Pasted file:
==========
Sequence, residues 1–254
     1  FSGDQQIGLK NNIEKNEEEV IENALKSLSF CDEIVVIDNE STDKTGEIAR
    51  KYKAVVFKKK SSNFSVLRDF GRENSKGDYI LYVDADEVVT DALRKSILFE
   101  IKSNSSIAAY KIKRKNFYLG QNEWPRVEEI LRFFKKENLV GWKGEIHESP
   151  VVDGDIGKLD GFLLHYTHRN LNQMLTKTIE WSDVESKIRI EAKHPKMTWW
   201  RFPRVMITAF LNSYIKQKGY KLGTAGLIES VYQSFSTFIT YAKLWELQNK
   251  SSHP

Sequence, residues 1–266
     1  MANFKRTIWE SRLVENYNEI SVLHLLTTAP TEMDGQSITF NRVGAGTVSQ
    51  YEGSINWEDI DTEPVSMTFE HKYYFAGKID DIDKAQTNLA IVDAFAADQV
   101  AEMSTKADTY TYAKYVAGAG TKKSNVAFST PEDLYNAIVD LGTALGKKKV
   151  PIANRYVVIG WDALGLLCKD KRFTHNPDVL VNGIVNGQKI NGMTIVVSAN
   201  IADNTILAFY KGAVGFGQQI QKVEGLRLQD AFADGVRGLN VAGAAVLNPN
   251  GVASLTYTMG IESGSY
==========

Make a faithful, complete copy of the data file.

Sequence, residues 1–254
     1  FSGDQQIGLK NNIEKNEEEV IENALKSLSF CDEIVVIDNE STDKTGEIAR
    51  KYKAVVFKKK SSNFSVLRDF GRENSKGDYI LYVDADEVVT DALRKSILFE
   101  IKSNSSIAAY KIKRKNFYLG QNEWPRVEEI LRFFKKENLV GWKGEIHESP
   151  VVDGDIGKLD GFLLHYTHRN LNQMLTKTIE WSDVESKIRI EAKHPKMTWW
   201  RFPRVMITAF LNSYIKQKGY KLGTAGLIES VYQSFSTFIT YAKLWELQNK
   251  SSHP

Sequence, residues 1–266
     1  MANFKRTIWE SRLVENYNEI SVLHLLTTAP TEMDGQSITF NRVGAGTVSQ
    51  YEGSINWEDI DTEPVSMTFE HKYYFAGKID DIDKAQTNLA IVDAFAADQV
   101  AEMSTKADTY TYAKYVAGAG TKKSNVAFST PEDLYNAIVD LGTALGKKKV
   151  PIANRYVVIG WDALGLLCKD KRFTHNPDVL VNGIVNGQKI NGMTIVVSAN
   201  IADNTILAFY KGAVGFGQQI QKVEGLRLQD AFADGVRGLN VAGAAVLNPN
   251  GVASLTYTMG IESGSY